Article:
The present invention has been made to solve the above problems, and the object is to provide a method of manufacturing a semiconductor device which can prevent a low-k layer from being peeled by CMP without decreasing a throughput of CMP and increasing the dielectric constant k of the low-k layer.

According to one aspect of the present invention, a first CVD dielectric layer is deposited on a surface of a semiconductor substrate. Next, low-k layers are coated in at least two different steps to form one of a via-layer dielectric film and a wiring-layer dielectric film on the first CVD dielectric layer. Immediately after the coatings, thermal treatment is performed. A second CVD dielectric layer is deposited on the low-k layer. A groove is formed in the second CVD dielectric layer and the low-k layer. A metal layer is deposited on the surface of the resultant structure to bury the groove. The metal layer is removed on the second CVD dielectric layer by chemical mechanical polishing.

Other and further objects, features and advantages of the invention will appear more fully from the following description.

According to the present invention, the low-k layer can be prevented from being peeled by CMP without decreasing the throughput of CMP and increasing the dielectric constant k of the low-k layer.

BRIEF DESCRIPTION OF THE DRAWINGS

FIGS. 1A–1D and 2 show a method of manufacturing a semiconductor device according to this embodiment.

FIG. 3 is a graph showing time of polishing performed by CMP and measurement results of peeling rates of a low-k layer in a wafer plane.

FIG. 4 shows spectra obtained by measuring a low-k layer coated on a substrate with an FTIR (Fourier Transform Infrared Spectroscopy).

FIG. 5 shows a measurement result of intensity at the peak (3300 cm−1) of the water of the low-k layer with respect to a thermal treatment temperature.

FIG. 6 shows a measurement result of elastic modulus of a low-k layer with respect to a thermal treatment temperature.

FIG. 7 shows a measurement result of the dielectric constant of a low-k layer with respect to a thermal treatment temperature.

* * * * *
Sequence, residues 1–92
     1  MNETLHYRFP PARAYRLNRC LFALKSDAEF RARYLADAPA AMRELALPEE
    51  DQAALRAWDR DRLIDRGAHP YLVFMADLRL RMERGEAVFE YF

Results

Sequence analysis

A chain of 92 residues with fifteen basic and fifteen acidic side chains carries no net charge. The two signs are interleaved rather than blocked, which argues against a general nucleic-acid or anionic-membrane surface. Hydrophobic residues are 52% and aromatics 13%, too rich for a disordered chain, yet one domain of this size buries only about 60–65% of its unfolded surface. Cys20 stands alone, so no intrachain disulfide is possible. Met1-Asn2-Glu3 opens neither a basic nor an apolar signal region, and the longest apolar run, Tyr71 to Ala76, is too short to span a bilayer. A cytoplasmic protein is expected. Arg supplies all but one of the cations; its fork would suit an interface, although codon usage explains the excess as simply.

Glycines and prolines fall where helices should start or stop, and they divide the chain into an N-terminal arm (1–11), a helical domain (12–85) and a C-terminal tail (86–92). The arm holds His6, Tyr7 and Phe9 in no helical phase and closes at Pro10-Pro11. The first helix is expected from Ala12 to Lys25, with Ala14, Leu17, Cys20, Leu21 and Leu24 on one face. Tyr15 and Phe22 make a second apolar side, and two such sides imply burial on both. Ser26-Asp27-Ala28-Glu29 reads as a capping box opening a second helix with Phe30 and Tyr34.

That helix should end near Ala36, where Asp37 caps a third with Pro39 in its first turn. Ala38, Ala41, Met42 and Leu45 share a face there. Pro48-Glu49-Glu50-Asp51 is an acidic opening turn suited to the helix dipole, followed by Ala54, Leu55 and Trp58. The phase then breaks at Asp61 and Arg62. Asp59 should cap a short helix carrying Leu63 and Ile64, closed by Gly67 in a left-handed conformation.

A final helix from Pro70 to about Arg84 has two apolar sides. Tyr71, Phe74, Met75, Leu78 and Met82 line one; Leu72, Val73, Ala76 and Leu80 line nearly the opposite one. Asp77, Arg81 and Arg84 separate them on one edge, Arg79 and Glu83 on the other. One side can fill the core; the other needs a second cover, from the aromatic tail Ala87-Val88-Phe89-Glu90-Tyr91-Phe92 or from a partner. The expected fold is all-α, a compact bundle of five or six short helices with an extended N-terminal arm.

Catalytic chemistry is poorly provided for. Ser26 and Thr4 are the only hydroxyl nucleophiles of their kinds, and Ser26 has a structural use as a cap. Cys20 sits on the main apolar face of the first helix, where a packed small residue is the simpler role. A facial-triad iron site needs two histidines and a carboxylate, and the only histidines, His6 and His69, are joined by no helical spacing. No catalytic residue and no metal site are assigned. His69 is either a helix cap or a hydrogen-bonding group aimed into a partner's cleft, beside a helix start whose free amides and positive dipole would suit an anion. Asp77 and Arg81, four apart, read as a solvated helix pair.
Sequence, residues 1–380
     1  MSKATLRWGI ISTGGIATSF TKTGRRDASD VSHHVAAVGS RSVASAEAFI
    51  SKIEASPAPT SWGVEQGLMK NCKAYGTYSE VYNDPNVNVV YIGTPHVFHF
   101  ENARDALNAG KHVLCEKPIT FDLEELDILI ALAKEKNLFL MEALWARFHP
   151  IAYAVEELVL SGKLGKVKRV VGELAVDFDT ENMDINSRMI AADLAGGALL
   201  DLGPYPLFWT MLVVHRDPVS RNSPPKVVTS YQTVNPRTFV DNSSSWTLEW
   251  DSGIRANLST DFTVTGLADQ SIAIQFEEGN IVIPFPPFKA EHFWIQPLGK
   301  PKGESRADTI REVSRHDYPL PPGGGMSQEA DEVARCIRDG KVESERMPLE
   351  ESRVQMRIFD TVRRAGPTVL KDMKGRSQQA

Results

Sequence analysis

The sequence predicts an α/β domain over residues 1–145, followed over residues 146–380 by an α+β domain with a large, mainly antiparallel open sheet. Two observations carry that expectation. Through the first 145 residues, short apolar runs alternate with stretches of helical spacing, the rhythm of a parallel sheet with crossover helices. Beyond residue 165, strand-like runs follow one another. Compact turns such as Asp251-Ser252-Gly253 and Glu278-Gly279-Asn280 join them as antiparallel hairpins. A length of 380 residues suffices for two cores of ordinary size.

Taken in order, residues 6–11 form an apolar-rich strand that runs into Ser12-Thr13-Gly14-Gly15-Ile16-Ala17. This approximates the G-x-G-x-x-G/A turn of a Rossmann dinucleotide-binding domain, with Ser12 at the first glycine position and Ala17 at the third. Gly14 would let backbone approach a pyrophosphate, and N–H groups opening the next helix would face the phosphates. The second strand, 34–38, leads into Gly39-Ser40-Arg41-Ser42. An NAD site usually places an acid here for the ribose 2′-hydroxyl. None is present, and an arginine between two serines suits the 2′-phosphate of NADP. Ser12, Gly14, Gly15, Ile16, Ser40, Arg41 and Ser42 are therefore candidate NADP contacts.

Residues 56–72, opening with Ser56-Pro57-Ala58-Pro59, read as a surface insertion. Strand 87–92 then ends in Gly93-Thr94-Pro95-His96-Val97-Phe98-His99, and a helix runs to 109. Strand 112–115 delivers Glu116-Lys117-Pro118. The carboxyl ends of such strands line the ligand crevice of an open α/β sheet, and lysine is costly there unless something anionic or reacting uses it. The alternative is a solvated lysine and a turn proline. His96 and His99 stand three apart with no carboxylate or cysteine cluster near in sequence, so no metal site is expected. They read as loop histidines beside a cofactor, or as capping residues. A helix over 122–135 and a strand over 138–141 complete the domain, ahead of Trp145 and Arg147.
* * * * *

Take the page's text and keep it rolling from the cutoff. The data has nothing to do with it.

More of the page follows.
FIG. 8 shows a dual-damascene structure produced by using the present invention.

FIG. 9 shows a method of manufacturing a semiconductor device according to the second embodiment of the present invention.

FIG. 10 shows a method of manufacturing a semiconductor device according to the third embodiment of the present invention.

FIG. 11 shows a conventional semiconductor device obtained by combining such a low-k layer or a porous low-k layer and a Cu wiring layer.

DETAILED DESCRIPTION OF THE PREFERRED EMBODIMENTS

First Embodiment

A method of manufacturing a semiconductor device according to this embodiment will be described below with reference to FIGS. 1A–1D and 2. As shown in FIG. 1A, a first CVD dielectric layer 12 made of an SiC layer having a thickness of 50 nm is formed as an underlying dielectric layer by a CVD method on a semiconductor substrate 11 made of a silicon wafer having a diameter of 300 mm. In this case, as the first CVD dielectric layer 12, an SiO2 layer, an SiCN layer, an SiCO layer, an SiN layer, and the like can also be used. The thickness of the first CVD dielectric layer 12 is preferably within the range of 30 nm to 100 nm. In particular, the thickness is preferably within the range of 30 nm to 70 nm to reduce the effective dielectric constant. An impurity-doped layer may be formed on the semiconductor substrate 11.

Next, on the first CVD dielectric layer 12, a first low-k layer 13 made of MSQ (Methyl Silsesquioxane resin) having a thickness of 250 nm is coated by spin coating. In this case, a rotating speed of a spiner is set at 900 rpm. Immediately after the coating, N-methyl-2-pyrrolidinone (CH3NC4H6O) is dropped on the wafer edge to remove the first low-k layer 13 from the wafer edge portion in a width of 5 mm from the edge (not shown). The wafer is placed on a hot plate. The low-k layer 13 is baked as first thermal treatment at 150° C. for 75 seconds in a nitrogen atmosphere and further baked at 250° C. for 75 seconds. Thereafter, the low-k layer 13 is cured at a temperature of 450° C. for 10 minutes in a nitrogen atmosphere.